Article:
Women of color have a long history of making a way out of no way, of rising out of circumstances many would consider impossible, of finding hope and purpose in the most difficult circumstances. Surely these are strengths that should be brought to bear on these issues, and surely there is a way for white women to join us in this struggle. There is a saying that is popular on some college campuses right now: Check your privilege. As I understand it, it's mainly aimed at advantaged white people who are being admonished to recognize their advantages, especially ones they take for granted. I won't presume to speak for all women of color so I will speak for myself: I don't care about that. I don't want your pity, and I can't use your guilt. I don't want my white female colleagues to "check" their privilege. I want them to use it--their networks, their assets, their relationships--to form a united front with women of color, and to help improve things for all of us.
Read more at National Journal.
Strikes Continue in Gaza at Start of Eid, Ebola in California and Memory Affected by Sleep Deprivation
Colorlines - 16 hours 34 min ago
Here's what I'm reading up on this morning:
- As Eid begins, Israel continues to strike Gaza.
- A massive fuel fire is raging in Libya.
- At least two aid workers in California have contacted ebola.
- A lightening storm kills one and injures 13 more at Venice Beach.
- Part car, part motorcycle: the three-wheeled Polaris Slingshot is revealed.
- A group called Geeks for CONsent gathers 2,600 signatures against sexual harassment at Comic Con.
- Memory flaws? It could be because of a lack of sleep.
- A swarm of mayflies so big that it's caught on radar.
Colorlines - 17 hours 26 min ago
Brooklyn's Museum of Contemporary African Diasporic Arts is facing hard times. James E. Bartlett, the institution's executive director, made the following appeal this week to ask community members for support to help it stay afloat:
We've been lucky to have the support of so many fantastic foundations over the years, and we are very grateful for their ongoing commitment to cultural arts. Our funders are model philanthropists who continue to stand by our growth and innovation. But it is not enough to rely on foundations and government grants to stay afloat. We are in danger because we are a small, Black organization and wealth inequality continues to be a very real challenge in the community we serve. We operate without an endowment or major individual donors, making us vulnerable to funding cuts. If a funder decides they no longer want to support the arts (as often occurs), we have to cut free programming, or even staff. That's why we're asking you to take action now.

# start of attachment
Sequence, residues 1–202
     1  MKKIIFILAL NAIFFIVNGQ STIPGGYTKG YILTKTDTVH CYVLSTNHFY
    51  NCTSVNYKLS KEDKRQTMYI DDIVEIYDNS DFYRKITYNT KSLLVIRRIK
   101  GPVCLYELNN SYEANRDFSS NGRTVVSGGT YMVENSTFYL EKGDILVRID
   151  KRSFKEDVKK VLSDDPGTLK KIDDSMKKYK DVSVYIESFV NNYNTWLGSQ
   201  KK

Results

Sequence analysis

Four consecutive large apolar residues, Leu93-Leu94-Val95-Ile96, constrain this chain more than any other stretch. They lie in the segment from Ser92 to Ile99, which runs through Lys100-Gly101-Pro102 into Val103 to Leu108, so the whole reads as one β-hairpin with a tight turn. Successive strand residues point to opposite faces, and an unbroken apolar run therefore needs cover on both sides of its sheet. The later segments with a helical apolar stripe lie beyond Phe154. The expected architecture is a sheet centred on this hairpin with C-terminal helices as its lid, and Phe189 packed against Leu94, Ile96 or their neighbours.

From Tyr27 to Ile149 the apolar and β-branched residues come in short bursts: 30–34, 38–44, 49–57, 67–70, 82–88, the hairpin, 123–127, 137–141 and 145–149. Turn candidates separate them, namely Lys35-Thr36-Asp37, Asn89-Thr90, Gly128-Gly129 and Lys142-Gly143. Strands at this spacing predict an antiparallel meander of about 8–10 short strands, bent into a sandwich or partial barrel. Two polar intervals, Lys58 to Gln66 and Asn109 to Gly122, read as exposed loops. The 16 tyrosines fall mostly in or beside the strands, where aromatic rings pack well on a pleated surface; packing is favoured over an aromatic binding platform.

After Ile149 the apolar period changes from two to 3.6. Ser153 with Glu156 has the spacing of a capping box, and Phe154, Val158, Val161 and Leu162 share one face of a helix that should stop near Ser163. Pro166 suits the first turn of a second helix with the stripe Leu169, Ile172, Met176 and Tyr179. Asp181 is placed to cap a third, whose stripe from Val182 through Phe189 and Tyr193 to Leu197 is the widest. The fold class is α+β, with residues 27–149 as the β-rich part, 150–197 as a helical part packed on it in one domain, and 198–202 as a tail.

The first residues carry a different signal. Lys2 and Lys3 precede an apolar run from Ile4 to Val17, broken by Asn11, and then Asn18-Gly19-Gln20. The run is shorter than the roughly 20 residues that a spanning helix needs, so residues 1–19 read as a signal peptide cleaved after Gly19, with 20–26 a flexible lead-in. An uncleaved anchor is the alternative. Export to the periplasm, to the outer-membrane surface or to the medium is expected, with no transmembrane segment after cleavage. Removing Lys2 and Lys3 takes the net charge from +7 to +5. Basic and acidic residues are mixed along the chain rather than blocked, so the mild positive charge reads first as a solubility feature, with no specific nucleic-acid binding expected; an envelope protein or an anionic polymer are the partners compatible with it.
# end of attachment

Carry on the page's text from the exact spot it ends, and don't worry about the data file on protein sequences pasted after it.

The museum, which was founded in 1999, has set up a fundraising page in an effort to raise the funds.
Colorlines - 19 hours 1 min ago
Some of Raka Dun's (pronounced "doon") most ardent American fans can't understand what he's saying. He doesn't have the emotive mumbles of a James Brown or the fast-paced flow of a Bizzy Bone. But, as one half of the bilingual Oakland-based hip-hop duo Los Rakas, he's been on three U.S. tours that have taken him to some of the country's least diverse enclaves and he raps almost exclusively in Spanish.
Consider this one of the byproducts of America's broken immigration system. Raka Dun, 26, came to the United States from Panama when he was 14 and only began rapping when a family friend urged him to write down how he felt. He spent the next 12 years without papers trying to get a performing career off the ground, but he was unable to travel to Spanish-speaking countries.
Long before the harrowing tales of unaccompanied Central American minors began to flood the U.S. media, Raka Dun shuttled between relatives' homes in Bay Area suburbs before finally landing in the care of his Spanish teacher at Oakland High School. He and his rap partner, Rico, managed to channel their own experiences into two serendipitously timed videos on childhood migration. In the first, "Sueño Americano" we meet a protagonist played by Dun who's found himself in prison facing the death penalty. In the second, "Chica de mi Corazon" we learn about learn them backstory of a poor boy growing up in Panama who leaves in search of his mother, who has already left for the states. Both are tracks from their major-label debut album from Universal Latino, "El Negrito Dun Dun & Ricardo." Their music is a politically fused blend of hip-hop, reggaeton and dancehall that's put them on stage alongside the likes of Erykah Badu, Cypress Hill and Snoop Dogg.
I spoke with Raka Dun by phone about how his music is influenced by his politics and vice versa.
Tell me about how you guys formed Los Rakas.
We were just rapping individually and then, through youth programs, I did a song called "Mi Barrio" and put Rico on it. Then we did "Bounce" and we'd perform the two songs together and people would ask us all the time if we were a group. So we tried it. We got booked in L.A. for this event called the Hood Games--a skateboarding event--and they were like, "We want you guys together." We thought we'd give it a try.
We went to L.A. and were coming up with names. My cousin said Los Rakas and we started laughing. Los Rakas in Panama would be controversial; they would call people from the hood rakas in a negative way. A yayo is someone from the upper class who dresses nice and looks nice, so a lot of people from the 'hood would try to be yayos. When we heard Los Rakas we liked it because we could show that being from the 'hood wasn't a negative thing.